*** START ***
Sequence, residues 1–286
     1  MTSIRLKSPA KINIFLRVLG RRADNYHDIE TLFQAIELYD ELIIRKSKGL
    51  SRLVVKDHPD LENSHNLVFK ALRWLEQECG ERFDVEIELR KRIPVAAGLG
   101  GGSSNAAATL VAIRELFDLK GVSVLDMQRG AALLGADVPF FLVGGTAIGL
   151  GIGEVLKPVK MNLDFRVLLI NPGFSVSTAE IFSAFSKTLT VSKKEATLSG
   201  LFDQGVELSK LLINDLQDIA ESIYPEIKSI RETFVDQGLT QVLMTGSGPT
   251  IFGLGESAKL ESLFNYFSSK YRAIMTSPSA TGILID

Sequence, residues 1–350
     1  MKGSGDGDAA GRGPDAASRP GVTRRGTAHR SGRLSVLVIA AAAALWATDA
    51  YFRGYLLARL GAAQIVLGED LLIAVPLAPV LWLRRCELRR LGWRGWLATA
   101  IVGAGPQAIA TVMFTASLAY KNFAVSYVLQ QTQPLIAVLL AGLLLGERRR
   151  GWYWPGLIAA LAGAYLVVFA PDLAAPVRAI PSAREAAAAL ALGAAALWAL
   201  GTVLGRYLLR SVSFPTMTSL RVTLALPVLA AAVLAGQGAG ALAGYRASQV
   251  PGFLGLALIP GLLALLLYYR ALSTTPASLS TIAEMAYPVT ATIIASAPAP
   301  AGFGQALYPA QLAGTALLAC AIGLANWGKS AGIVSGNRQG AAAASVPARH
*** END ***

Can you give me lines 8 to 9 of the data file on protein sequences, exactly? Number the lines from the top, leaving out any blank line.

Sequence, residues 1–350
     1  MKGSGDGDAA GRGPDAASRP GVTRRGTAHR SGRLSVLVIA AAAALWATDA